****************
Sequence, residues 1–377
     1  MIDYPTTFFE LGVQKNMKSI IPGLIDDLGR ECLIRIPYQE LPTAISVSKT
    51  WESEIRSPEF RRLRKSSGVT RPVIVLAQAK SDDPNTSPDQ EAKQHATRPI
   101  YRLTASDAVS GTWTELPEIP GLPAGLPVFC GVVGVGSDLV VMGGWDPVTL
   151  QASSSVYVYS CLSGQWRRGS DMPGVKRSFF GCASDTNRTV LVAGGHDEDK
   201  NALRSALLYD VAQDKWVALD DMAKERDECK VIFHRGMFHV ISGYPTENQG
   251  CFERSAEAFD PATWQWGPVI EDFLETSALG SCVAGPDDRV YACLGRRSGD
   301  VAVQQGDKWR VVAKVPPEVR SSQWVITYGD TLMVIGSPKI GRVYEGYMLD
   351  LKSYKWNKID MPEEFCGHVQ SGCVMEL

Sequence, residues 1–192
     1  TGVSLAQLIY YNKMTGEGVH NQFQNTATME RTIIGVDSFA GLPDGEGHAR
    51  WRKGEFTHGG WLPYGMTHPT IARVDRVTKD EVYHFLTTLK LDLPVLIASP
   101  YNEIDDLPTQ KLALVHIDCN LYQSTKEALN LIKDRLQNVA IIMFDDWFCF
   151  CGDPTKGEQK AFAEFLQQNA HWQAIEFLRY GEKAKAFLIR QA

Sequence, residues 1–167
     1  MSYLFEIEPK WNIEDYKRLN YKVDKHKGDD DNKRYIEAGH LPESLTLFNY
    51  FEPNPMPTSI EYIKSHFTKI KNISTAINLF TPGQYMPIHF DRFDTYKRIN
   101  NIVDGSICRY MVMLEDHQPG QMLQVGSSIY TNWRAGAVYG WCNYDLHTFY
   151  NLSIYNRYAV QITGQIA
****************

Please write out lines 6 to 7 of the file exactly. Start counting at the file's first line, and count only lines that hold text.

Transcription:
   201  NALRSALLYD VAQDKWVALD DMAKERDECK VIFHRGMFHV ISGYPTENQG
   251  CFERSAEAFD PATWQWGPVI EDFLETSALG SCVAGPDDRV YACLGRRSGD